Off the south coast of Massachusetts sits Chappaquiddick, a long, narrow strip of land that — depending on the tides — is either an island or a peninsula that’s barely connected to Martha’s Vineyard.
A long beach runs along the east side of the island, beckoning tourists and locals to its sandy shores and wildlife sanctuaries.
But under the beach chairs and picnic blankets lies a mystery 100 years in the making — an old shipwreck, buried in the sand.
For the most part, the ship’s remains are invisible to the casual beach goer. But every now and again, a storm will uncover the pieces and reignite speculation about the origins of the doomed vessel, which have yet to be resolved.
According to the Martha’s Vineyard Gazette, where we first learned about the wreck, the ship has been uncovered at least three times since Hurricane Sandy blew over the island in 2012.
Here’s a photograph of the shipwreck’s remains, taken in February 2016:
It may not look like much, but the wreck is a gem in the eyes of experts.
“It’s in remarkably good shape,” marine biologist and shipwreck diver Arnold Carr told Tech Insider. “It hasn’t weathered that much nor have marine worms eaten it.”
Marine worms, sometimes called ship worms, are a species of clam that eats wood, making it the bane of marine archaeologists working on saltwater sites.
Carr, a Martha’s Vineyard native, said that rough winds sweeping over the island for at least the last two decades have periodically uncovered and recovered the wreck. “It will disappear for a year or two then be exposed again,” he said.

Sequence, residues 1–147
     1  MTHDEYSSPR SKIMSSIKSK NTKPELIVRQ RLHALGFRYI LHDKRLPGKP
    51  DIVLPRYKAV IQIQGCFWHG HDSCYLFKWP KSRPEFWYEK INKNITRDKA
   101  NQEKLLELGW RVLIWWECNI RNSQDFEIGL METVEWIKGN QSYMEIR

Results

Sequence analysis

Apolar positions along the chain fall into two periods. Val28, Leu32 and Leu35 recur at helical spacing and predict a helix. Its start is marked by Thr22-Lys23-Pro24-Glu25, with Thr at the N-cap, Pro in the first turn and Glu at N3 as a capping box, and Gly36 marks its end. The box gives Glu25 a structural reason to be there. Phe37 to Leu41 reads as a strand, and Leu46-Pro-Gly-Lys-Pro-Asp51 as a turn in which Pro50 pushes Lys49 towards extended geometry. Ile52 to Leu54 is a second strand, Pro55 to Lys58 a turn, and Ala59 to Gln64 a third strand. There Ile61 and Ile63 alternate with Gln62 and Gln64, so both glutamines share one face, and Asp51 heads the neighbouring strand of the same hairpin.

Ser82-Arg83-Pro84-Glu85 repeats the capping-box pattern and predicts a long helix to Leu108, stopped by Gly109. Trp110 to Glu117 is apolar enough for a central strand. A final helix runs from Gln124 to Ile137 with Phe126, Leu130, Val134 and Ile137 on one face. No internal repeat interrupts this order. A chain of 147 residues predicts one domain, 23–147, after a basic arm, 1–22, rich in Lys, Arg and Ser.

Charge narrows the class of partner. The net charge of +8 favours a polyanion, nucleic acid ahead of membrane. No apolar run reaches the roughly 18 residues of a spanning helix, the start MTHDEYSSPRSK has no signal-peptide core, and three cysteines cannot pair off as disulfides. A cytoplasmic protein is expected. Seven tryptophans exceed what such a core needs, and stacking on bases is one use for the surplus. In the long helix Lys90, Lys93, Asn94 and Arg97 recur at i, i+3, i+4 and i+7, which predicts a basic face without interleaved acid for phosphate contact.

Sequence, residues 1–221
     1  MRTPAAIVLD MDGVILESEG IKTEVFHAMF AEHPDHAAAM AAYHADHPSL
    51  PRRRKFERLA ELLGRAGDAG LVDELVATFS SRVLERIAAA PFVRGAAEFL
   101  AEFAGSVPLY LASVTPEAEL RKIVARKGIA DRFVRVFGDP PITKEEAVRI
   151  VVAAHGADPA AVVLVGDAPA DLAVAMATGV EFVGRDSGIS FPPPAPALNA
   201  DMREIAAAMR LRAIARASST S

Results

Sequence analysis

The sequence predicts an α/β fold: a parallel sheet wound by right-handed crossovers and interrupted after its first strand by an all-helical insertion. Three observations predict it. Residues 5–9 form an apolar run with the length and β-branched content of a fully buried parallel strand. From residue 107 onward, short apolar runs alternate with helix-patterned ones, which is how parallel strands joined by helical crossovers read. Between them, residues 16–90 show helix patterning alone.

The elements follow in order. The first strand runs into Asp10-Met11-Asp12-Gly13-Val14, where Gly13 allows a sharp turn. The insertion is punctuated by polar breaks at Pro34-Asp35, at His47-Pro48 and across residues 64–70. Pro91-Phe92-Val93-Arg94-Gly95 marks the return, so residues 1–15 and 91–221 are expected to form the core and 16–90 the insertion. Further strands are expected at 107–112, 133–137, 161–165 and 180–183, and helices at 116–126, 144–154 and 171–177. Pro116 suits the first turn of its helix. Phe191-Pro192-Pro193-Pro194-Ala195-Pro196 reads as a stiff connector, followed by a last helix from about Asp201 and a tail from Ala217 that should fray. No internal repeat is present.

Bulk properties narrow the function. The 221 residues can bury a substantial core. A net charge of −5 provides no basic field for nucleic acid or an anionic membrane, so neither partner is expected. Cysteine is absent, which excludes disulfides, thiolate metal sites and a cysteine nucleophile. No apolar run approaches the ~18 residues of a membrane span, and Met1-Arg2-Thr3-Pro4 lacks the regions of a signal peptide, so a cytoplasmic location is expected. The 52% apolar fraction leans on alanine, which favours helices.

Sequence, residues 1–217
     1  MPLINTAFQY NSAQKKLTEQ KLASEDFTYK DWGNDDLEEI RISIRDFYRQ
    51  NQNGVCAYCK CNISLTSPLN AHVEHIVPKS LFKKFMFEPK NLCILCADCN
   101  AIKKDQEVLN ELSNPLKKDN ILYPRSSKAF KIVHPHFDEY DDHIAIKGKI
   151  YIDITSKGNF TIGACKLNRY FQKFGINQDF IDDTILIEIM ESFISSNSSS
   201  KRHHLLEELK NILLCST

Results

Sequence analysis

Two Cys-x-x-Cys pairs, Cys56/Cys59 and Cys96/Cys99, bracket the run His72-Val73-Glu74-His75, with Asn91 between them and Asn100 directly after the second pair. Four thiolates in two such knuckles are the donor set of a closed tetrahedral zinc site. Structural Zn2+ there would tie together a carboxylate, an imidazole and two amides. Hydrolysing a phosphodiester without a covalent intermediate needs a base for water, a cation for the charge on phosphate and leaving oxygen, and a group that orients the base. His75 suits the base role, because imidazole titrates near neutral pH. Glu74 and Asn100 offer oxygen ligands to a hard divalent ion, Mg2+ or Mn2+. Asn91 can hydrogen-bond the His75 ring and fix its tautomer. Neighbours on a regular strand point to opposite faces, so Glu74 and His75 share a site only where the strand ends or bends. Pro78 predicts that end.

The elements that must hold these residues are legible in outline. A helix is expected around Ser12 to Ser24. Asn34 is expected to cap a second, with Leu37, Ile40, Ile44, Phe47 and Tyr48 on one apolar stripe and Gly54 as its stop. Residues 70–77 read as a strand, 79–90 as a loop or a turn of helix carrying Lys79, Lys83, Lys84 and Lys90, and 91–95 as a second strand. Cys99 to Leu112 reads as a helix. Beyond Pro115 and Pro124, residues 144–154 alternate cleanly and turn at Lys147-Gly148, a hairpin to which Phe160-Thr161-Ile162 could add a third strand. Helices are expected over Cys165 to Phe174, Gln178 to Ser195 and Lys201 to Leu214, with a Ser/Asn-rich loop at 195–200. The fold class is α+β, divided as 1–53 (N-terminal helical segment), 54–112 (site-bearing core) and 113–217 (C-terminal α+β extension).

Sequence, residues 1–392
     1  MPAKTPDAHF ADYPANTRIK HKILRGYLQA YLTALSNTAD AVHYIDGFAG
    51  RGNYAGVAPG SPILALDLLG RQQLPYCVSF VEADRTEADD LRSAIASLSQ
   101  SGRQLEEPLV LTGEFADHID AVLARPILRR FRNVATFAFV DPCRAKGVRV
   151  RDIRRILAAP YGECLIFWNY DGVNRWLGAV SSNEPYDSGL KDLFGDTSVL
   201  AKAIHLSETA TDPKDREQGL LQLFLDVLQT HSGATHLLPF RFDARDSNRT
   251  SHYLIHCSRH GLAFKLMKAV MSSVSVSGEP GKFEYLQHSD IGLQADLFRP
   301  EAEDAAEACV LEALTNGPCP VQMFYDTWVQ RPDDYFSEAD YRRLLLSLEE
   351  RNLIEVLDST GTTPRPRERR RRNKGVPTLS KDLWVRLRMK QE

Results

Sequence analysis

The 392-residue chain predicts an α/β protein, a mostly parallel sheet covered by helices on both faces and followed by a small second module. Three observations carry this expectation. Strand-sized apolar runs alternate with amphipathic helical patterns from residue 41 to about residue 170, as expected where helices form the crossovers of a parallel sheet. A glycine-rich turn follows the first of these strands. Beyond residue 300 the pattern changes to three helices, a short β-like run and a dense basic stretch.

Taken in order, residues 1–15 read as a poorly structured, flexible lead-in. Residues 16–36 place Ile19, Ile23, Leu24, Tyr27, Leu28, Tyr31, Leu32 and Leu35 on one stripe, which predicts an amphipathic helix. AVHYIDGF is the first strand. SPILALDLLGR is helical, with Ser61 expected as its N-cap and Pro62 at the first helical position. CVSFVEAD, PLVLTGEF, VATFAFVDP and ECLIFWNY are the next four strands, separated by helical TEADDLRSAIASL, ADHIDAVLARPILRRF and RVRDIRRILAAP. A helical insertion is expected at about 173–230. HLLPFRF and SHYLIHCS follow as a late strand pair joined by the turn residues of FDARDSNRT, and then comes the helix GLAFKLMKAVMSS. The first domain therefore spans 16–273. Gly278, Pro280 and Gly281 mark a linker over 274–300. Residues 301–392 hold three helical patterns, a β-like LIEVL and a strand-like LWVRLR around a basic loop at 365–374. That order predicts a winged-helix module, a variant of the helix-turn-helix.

When the ship does appear, its timbers, planking, and iron bolts stick out from the sand. Carr said the wreck is between 60 and 70 feet long and 40 feet wide, and lies parallel to the water. Under the sand, he added, there might be more of the wreck, bringing the total length to 100 feet or more.
“It probably got blown ashore,” he said, adding that violent storms near Chesapeake Bay make it a treacherous area to sail. Colloquially, the area is known as “the graveyard of the Atlantic.”
Carr, whose diving outfit American Underwater Search and Survey discovered the wreck of the Portland 100 years after it was lost at sea, says that the enigmatic schooner probably dates to the mid-1800s, given the construction of the ship — the iron bolts in particularly — and historical data he’s gathered from public archives.
“Within one mile of the site there’s at least three ships that sank in the area,” Carr said. “My best estimate would be 1850s or early ’60s.”
At first, Carr said, he thought the wreck might part be the Christina, which went down in a blizzard in 1866. Writing in the Martha’s Vineyard Gazette, reporter Tom Dunlop described the wreck as “one of the most notorious disasters on island waters in the 19th century.” All but one of the Christina’s six crew died in the wreck, with the lone survivor losing his fingers and feet to frostbite.
Carr has since changed his mind, saying that the location doesn’t quite match with where he’d expect the Christina to be.
Now he thinks it may be the Silver Bell, a schooner which sank in the 1850s — but records from the time are scant. One report from 1863 lists the ship only as “Schooner Silver Bell, Cape Poge. Total Loss.”
It’s tempting to connect the dots: Cape Poge is on the northwest side of Chappaquiddick Island, and no remains of the Silver Bell have ever been found.
But for archaeologists to identify the ship, a research team would need permission from the state and local governments to excavate.
For now, the ship remains hidden and preserved under the sand, capturing the imaginations of future generations of shipwreck hunters.
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